What Are the Characteristics of a Strong Immune System?

An obvious indication of having a strong immune system is when a person rarely catches colds or other viruses. Bacterial and infections are also infrequent. If sickness does occur, it's usually milder and of shorter duration than for someone with a weaker immune system. There is a connection between immune response and mental status, so people with positive outlooks are often healthier than people who are prone to depression. People with strong immune systems don't suffer from excessive fatigue and are not easily stressed.

A healthy immune system works around the clock everyday of the year, most of the time doing its job completely unnoticed. It isn't until something goes wrong, like a catching a cold or having an infected wound that attention becomes drawn to it. Most components of the immune system aren't visible to the naked eye.

The skin is the largest organ of the body and is a part of the immune system. Part of the skin's immune function is obvious as it acts as a physical barrier to invading pathogens. Its other functions occur on a cellular level and aren't visible to the naked eye. If the skin becomes cut or torn, the opening allows germs, parasites, and other pathogens to enter the bloodstream.


Once a pathogen enters the bloodstream an immune response occurs, activating the innate, or non-specific, immune system to fight off the invading pathogens. The disease fighting cells of the innate immune system fight infectious invaders in a non-specific or generic way. If a more specified immune response is required, then the innate immune system triggers the adaptive immune system, which is only found in jawed vertebrates. The adaptive immune system has highly specialized disease fighting cells, which are able to adjust to newly encountered pathogens as well as remember specific pathogens in the event of a future attack.

Most of the time a strong immune system is able to fight off an infectious agent with little to no medical intervention. This doesn't mean, however, that needing medical assistance is a sign of a weakened immune system. Even a healthy immune system will require medical intervention if it encounters a particularly virulent infectious agent. Sometimes medical intervention is only needed to alleviate certain symptoms of an illness such as inflammation, which is, itself, a sign of a strong immune system at work. Inflammation is one of the earliest responses of an active immune system to an infectious or irritating agent.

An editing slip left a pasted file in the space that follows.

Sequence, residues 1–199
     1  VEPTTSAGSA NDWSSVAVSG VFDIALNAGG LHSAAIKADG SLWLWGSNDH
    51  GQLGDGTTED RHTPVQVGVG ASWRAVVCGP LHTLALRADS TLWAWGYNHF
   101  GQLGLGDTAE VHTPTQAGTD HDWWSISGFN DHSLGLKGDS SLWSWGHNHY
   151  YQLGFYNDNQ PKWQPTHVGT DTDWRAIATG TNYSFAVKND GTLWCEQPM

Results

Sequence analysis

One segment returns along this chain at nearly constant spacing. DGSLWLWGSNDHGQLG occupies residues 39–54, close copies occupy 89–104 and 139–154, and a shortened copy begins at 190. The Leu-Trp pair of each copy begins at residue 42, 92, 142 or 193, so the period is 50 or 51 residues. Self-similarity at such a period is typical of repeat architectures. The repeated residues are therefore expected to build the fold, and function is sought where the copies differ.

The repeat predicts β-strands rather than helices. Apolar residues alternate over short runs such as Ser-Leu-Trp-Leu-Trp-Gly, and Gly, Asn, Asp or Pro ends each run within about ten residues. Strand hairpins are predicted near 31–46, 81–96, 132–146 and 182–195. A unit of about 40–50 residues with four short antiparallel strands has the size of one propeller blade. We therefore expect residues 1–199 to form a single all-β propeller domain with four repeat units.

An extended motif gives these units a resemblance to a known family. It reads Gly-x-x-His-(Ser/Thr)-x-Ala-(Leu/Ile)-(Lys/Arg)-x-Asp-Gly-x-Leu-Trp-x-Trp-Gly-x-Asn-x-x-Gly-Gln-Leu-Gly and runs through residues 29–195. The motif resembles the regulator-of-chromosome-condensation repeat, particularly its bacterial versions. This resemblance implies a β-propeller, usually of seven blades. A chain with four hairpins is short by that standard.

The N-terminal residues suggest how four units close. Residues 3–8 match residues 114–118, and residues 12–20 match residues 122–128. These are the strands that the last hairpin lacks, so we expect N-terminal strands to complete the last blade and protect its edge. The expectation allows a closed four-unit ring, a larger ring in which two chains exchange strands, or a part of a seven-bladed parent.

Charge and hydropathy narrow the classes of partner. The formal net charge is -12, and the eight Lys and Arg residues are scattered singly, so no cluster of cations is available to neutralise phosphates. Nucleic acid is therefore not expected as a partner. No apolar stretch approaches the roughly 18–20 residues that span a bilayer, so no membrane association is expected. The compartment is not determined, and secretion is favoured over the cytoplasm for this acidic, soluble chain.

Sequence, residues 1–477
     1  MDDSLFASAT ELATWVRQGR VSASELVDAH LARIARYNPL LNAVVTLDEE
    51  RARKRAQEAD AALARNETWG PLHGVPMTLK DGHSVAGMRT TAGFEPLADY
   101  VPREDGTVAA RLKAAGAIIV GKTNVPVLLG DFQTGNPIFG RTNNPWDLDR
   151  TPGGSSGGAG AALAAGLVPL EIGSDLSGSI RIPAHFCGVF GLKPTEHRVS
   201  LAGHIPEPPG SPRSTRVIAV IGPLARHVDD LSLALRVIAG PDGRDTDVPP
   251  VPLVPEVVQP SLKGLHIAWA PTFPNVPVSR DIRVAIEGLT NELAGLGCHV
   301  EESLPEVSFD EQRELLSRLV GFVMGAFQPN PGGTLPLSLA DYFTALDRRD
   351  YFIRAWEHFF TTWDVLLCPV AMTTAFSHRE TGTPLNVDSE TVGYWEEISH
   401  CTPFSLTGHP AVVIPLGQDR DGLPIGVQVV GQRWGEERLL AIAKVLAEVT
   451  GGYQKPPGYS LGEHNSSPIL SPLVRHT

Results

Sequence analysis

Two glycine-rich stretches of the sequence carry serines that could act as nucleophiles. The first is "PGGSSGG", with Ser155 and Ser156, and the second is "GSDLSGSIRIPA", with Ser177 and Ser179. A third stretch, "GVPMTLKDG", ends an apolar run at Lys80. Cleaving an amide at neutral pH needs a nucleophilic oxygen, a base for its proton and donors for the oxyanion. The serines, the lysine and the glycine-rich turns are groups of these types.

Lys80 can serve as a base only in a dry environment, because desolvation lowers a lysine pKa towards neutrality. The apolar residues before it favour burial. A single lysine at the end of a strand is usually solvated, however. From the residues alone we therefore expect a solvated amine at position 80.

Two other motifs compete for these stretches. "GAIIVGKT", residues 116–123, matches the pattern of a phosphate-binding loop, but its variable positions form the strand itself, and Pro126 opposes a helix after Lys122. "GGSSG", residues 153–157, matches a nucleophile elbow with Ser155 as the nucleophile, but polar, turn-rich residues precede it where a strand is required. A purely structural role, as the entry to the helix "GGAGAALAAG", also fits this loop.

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Post 4

I think I have a strong immune system because whenever I get an injury like a cut or bruise, it heals super fast. My cut heals in two days and bruises are gone in no time.

Post 3

I didn't know what having a strong immune system meant until my immune system weakened.

I used to never get sick until two years ago. I had no allergies, no health conditions and felt great year around. Two years ago, I started getting sick often, developed allergies as well as chronic fatigue. I also developed depression and gained weight. After routine blood tests at the doctor's office, I was diagnosed with type two diabetes and hypothyroidism. I had to get an ultrasound for my thyroid and found out that I had a severe infection that damaged my thyroid.

After lots of medications, diet and lifestyle changes, I'm a bit better now but my immune system is still not back to its old self. I still have allergies and catch colds easily. I have to treat myself really well to not get sick. I take multi-vitamins and fish oil capsules every day.

Post 2

@anon301792-- I don't see why not. Someone with a weak immune system or chronic health problems should avoid donating blood as it can weaken the immune system further. It's fine for someone who is healthy and with a strong immune system to donate blood. Donating blood is not going to weaken your strong immune system! The body will generate new blood in less than a day.

Post 1

Can a person who has a strong immune system donate blood?

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